Anyway, enough anti-capitalist rich people grousing, let's talk about music.......
I actually like The Wet Darlings a lot. (It's not going to sound like it, but I do.) I was looking forward to seeing the band in a non-club setting, but I've gotta admit being a little disappointed with them. The Columbus Commons set-up really couldn't GET any more pro: good sound, GREAT lighting (though most of the Darlings' set took place in full daylight) and a HUGE expanse of stage to work with, which was part of the problem. Lead vocalist Jenny Lute is a great singer, is really pretty and possesses genuine onstage charisma but the band seemed a little bit lost on the Big Stage. The songs are good but not really great and it seems a little like the band wouldn't know a hook if it fucked 'em in a closet. Plus songwriter Bill Patterson might wanna work on FINISHING the songs, some of which don't so much end as just subside.
Also, Lute seemed to be having trouble connecting with the kinda-distant (geographically and temperamentally) audience. She wound up talking to the crowd about the weather THREE TIMES during the 90-minute set, which is at least two times too many. If the band wants to make the jump from clubs to bigger shows it really might not be a bad idea to work on a little stage banter. It doesn't have to be prepared or forced, but SOME idea of how to draw in an unfamiliar audience of regular (non-clubbing, non-hipster) people might be in order. All that being said, I really enjoyed The Wet Darlings set. It was a good solid set of rock & roll on a truly gorgeous summer night.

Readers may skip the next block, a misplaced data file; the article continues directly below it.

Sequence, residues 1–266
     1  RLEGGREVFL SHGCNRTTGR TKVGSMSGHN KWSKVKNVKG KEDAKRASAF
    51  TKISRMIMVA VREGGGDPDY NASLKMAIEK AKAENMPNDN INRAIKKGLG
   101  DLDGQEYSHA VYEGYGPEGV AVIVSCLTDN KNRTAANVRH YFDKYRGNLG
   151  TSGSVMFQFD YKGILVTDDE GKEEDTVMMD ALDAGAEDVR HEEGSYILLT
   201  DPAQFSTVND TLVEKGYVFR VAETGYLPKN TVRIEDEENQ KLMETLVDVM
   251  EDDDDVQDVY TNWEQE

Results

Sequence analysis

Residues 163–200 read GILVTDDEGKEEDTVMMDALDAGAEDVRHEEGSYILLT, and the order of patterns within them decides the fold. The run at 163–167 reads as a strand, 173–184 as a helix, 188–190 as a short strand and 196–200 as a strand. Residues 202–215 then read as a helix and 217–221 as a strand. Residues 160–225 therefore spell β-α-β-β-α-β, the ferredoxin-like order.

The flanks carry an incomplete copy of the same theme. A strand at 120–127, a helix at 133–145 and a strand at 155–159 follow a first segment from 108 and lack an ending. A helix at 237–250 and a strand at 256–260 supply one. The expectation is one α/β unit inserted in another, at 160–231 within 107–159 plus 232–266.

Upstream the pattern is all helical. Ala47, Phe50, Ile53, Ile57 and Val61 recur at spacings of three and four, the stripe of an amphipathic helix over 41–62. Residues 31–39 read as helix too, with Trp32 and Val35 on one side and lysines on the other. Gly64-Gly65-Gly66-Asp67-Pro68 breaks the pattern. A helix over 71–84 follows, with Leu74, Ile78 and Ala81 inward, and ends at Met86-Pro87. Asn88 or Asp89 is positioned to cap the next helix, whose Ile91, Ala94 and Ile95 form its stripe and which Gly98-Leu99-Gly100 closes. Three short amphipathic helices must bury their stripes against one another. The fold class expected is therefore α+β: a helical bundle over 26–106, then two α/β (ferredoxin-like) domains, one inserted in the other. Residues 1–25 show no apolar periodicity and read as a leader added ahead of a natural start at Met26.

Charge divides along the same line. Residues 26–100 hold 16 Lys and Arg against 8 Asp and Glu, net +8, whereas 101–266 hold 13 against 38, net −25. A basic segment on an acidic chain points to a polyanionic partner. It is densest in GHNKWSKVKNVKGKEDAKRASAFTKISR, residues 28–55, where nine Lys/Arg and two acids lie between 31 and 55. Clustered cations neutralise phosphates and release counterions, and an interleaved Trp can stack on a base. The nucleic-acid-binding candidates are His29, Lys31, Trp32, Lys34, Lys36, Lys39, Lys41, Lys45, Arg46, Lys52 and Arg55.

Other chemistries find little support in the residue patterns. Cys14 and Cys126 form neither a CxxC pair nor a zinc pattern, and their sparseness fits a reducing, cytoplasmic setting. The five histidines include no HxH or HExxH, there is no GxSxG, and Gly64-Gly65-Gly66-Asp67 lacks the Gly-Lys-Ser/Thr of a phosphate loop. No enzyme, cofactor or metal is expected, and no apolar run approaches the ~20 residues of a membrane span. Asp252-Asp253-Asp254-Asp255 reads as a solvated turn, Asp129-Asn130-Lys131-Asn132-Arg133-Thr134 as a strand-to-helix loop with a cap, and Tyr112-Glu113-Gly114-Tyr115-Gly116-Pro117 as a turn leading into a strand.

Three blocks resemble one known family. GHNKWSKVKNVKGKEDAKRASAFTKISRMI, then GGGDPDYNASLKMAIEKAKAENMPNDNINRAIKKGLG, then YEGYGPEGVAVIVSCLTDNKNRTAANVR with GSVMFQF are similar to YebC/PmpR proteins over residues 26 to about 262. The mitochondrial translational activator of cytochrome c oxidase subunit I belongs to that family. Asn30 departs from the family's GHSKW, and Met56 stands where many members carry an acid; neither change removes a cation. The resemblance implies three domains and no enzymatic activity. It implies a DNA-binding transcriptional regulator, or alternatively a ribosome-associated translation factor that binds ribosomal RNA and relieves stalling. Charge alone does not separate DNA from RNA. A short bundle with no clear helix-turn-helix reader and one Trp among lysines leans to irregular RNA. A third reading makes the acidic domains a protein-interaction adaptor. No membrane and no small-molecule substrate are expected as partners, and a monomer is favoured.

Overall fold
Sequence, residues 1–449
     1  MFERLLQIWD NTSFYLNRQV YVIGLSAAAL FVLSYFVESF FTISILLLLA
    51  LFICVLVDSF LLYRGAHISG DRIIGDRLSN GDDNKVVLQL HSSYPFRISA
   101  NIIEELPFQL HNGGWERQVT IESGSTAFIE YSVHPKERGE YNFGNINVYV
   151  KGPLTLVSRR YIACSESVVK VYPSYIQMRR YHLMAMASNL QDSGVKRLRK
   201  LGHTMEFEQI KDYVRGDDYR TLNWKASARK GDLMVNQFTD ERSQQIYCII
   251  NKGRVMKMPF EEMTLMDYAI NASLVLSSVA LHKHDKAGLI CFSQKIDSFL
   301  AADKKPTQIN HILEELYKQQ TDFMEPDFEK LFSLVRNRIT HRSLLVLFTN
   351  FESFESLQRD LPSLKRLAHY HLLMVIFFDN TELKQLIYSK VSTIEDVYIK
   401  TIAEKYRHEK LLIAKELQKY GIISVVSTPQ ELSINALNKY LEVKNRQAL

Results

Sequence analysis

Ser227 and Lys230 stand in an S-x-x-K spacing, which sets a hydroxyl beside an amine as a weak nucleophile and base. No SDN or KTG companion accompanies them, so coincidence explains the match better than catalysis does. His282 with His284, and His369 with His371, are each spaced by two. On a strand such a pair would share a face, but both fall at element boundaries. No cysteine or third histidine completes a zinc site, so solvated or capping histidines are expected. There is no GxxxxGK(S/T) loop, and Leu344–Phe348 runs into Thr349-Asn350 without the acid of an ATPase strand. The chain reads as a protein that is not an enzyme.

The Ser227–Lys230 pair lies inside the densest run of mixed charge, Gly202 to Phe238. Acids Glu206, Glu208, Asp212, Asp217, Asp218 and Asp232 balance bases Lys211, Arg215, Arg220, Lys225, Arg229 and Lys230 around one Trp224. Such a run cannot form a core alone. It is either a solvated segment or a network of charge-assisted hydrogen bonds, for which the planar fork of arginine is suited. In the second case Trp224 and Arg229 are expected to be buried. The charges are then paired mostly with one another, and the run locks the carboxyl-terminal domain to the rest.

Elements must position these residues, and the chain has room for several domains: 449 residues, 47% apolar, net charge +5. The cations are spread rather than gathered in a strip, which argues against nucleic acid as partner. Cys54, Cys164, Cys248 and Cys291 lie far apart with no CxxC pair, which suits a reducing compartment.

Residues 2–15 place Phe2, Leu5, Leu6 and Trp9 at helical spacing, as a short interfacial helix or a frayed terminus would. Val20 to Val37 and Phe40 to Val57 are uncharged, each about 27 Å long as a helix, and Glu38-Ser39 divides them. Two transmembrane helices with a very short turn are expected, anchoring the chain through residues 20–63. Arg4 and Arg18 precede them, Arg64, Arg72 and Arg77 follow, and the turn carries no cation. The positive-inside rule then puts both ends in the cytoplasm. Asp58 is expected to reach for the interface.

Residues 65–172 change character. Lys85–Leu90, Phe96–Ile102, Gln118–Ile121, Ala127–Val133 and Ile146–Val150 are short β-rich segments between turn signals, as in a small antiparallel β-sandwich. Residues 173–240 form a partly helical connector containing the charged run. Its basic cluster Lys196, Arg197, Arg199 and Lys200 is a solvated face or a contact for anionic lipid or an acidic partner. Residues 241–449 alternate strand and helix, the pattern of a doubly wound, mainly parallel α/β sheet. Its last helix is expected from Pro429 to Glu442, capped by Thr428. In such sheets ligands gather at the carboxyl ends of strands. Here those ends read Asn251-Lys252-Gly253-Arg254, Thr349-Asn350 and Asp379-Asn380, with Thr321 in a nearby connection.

The Wet Darlings might want to take some onstage lessons from Nick Tolford & Company. Tolford is instantly ON and communicative with the crowd, opens the show with a song about how great summertime is (obvious in this setting, but still great) and completely engages the crowd from the very first moments of the set. There's a lot of things I could say about Tolford & Co. but the main thing I always have to start with is how simultaneously TIGHT and LOOSE the band is. This brand of gospel-infused rock SEEMS easy to play but it isn't. Staying strong on the beat and swinging at the same time is a tightrope walk Tolford & Co. have mastered.